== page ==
You will notice that the statue also has such a grate or vent under it.


To this, V’s response was:

OK, that means I need to correct myself. How about this?

A Star on a Subway Vent

On the subway vent where Marilyn stood
Let us place a star, New Yorkers!
As they did in Rodeo Drive
As they are doing, no doubt
On some puffy, floating silver cloud above


After a little to-and-fro, he added:

I’d be surprised, though, if we don’t have a Subway Sandwich franchise or two in Ahmedabad.


At this point, M, one of the 3 ladies in the egroup, replied:

My son survives on subway sandwiches in Ahmedabad these days…he is working there.

PS please do continue with this banter…..we love it 🙂


B’s response:

Okay, in that case: No subway grates, but great Subways.

Who needs Marilyns when we have Kokilabens and Shardabens?
Not that any sari clad Kokilaben or Shardaben would ever step on a subway grate, even if we had a subway 😉

I somehow doubt that the impact would not be the same if they did. No gold stars, no statues to honor Kokiben or Shardaben, no Vasus writing poetry after the event.


My final response was:

On this egroup there are thoughts profound
Which gather not a peep or sound.
But let the topic be M., Marilyn…
Then watch everyone joining in!
Well,if I, too, had legs that great,
I”d be stepping over *every* ventilation grate.
But M, M, and U (in my rhyming verse)
Are not in the running for Ms.Universe.
Their brains and their versatile talents
Are what matters in the end, you gents!
And the rest of us spouses married you guys
Because we thought you lot are smart and wise.
So…the only use for ventilation
Is, pure and simple…titillation.
We don’t need these “updraft” wiles
To keep our men all wreathed in smiles.
Our waists may have more circumference,
But we make up for that in common sense….

These mailing lists are “grate” fun sometimes!

Prose and poetry

April 22, 2012

Jerry Rao writing in the Indian Express:

Christopher Hitchens died a few months ago. Lovers of English prose were dealt a serious blow. Luckily , he leaves behind “the tender graces of a day that is dead”. “Arguably” can be read as a long, classy epitaph written by one who knew that he was being inexorably beaten by malignant cells within his frame. It is a collection of essays published in various magazines between 2005 and 2011. Most of the essays are book reviews. There are some polemical pieces dealing with contemporary issues and some unforgettable ribald pieces including a not-to-be-missed essay on the solemn subject of fellatio and another one on the lasting gifts of the late unlamented British empire.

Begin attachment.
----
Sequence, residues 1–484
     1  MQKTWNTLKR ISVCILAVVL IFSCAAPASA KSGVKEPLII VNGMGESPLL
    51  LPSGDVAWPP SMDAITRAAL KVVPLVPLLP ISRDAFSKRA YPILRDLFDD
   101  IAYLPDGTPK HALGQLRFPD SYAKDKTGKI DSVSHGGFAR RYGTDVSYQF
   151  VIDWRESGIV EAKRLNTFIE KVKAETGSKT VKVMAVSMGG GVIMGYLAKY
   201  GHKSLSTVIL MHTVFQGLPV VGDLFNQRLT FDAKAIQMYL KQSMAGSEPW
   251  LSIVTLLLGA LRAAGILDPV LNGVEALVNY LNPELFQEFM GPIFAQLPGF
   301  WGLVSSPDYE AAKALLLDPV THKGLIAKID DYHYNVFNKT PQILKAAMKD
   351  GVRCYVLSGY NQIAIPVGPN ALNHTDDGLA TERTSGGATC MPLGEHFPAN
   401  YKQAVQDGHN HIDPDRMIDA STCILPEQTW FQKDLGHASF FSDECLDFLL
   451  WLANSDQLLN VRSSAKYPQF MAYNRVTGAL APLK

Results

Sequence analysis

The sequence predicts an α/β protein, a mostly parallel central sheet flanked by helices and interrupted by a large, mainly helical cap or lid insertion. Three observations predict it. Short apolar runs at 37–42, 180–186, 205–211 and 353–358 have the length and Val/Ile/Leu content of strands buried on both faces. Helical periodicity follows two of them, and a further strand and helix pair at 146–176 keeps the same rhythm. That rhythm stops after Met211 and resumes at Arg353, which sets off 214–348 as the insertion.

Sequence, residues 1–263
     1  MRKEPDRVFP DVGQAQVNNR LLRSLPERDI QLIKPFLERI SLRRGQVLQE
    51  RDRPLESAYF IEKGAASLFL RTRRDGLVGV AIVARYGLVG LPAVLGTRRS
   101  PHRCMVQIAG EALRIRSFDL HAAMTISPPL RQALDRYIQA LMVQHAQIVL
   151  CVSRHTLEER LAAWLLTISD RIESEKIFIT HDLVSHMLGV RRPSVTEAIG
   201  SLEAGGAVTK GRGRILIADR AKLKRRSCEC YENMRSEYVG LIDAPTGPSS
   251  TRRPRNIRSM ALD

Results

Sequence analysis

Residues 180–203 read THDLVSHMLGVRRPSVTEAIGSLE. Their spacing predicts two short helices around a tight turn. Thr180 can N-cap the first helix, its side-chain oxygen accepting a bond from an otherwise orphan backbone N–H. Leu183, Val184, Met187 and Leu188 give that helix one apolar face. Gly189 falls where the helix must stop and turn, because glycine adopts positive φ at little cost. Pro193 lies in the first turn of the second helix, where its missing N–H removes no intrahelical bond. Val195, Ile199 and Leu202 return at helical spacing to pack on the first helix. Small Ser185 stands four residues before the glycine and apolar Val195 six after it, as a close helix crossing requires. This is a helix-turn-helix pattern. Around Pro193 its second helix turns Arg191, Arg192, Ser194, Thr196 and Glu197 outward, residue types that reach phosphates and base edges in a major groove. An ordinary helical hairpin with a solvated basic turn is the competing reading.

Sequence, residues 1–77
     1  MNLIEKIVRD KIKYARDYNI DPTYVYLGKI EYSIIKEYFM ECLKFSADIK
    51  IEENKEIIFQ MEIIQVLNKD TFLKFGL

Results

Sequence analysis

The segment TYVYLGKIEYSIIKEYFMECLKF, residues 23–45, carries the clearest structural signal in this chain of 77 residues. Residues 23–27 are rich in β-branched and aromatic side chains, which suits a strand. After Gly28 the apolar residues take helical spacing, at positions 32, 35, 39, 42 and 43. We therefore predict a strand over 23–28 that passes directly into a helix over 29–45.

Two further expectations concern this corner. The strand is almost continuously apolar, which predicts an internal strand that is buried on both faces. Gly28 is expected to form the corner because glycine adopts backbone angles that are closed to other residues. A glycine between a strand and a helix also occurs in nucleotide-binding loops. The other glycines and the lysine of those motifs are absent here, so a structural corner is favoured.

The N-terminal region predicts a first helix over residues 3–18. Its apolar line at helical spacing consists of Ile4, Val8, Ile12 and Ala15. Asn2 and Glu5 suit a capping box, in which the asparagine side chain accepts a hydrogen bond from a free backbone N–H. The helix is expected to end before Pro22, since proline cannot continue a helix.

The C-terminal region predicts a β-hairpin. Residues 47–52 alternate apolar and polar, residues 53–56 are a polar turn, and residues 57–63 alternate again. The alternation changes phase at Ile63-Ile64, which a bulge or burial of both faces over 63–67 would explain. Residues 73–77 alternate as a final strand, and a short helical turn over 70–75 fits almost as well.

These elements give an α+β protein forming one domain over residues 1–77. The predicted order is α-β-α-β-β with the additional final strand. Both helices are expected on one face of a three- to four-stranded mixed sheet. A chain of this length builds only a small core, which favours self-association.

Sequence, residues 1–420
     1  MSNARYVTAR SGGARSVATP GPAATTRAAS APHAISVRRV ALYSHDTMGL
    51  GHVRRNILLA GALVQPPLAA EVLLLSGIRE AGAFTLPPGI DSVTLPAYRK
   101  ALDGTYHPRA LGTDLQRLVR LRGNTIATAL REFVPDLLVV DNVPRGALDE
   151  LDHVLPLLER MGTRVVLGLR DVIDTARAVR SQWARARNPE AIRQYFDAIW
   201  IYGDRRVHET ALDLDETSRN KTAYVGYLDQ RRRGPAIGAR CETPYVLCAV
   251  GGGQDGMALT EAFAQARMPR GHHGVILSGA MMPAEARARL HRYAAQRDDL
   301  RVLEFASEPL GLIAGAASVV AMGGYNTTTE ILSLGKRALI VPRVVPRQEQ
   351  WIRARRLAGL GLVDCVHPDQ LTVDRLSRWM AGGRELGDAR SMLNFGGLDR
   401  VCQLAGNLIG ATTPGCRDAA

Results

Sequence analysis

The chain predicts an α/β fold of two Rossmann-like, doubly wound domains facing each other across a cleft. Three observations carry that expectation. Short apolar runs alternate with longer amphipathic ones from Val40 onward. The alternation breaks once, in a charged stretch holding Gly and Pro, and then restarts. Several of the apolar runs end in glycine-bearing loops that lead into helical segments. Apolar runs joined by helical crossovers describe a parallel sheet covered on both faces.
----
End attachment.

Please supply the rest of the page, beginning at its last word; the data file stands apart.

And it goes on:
Hitchens writes mainly on recent biographies of writers and uses the opportunity to give us his own take on the authors and their output. He deftly weaves together the lives and the works of the writers who are the subjects of these biographies. Contrary to his waspish image, he is almost always quite charitable and in the last analysis he urges us to judge individuals by the range, depth and weight of their outputs and forgive as far as possible the foibles, frailties and weaknesses (and they seem to have many) of the writers themselves. The sheer range of Hitchens’ interests, his depth of understanding and his ability to make uncanny connections simply because he has read so much else and has pondered deeply and with sensitivity over what he has read, is awesome. Hitchens’ book can be a prescribed text for any course on Twentieth Century Western Civilization, especially its Anglo-American sub-set. The writers he brings to life for us include Saul Bellow, Vladimir Nabokov, John Updike, Gore Vidal, Rebecca West, Ezra Pound, George Orwell, Jessica Mitford, Somerset Maugham, Evelyn Waugh, P.G. Wodehouse, Anthony Powell, Graham Greene, Philip Larkin, Stephen Spender, C.L.R. James, Martin Amis, and J.K. Rowling. There are numerous references to W.H. Auden, V.S. Naipaul and Salman Rushdie although there are no separate essays dedicated to them. Hitchens brings to our notice other writers, who normally do not get that much critical attention, whose importance in my estimation went up not only for what they said but for their importance in the troubled history of the century gone by. I am now convinced that it is important to go back and read or re-read John Buchan, Edward Upward, J.G. Ballard, George MacDonald Fraser and Saki. Hitchens has written a brilliant book on Tom Paine. The history of political ideas, particularly in the Anglo-American world has been a subject of enduring fascination for him. In short essays, he conveys to us why he is fascinated with certain figures and invariably he nudges us towards going back to the original sources. Thomas Jefferson, Benjamin Franklin, the abolitionist John Brown, Abraham Lincoln and Edmund Burke are all part of the menu. His unusual essay on Karl Marx (an honorary Englishman by virtue of his membership of the British Museum library!) is one of the most fascinating pieces I have read. The intrepid and erudite Marx emerges as an extraordinary intellectual who had courage, foresight and intelligence as he supported Lincoln and his war against criticism from a variety of opponents. When he writes about continental writers, Hitchens’ attention is almost always focused on the fight against totalitarianism. There are brilliant pieces on Victor Serge, Arthur Koestler, W.G. Sebald and Isabel Allende. The lampoon-like essay on Andre Malraux is unusual in so far as it is certainly not charitable to the subject.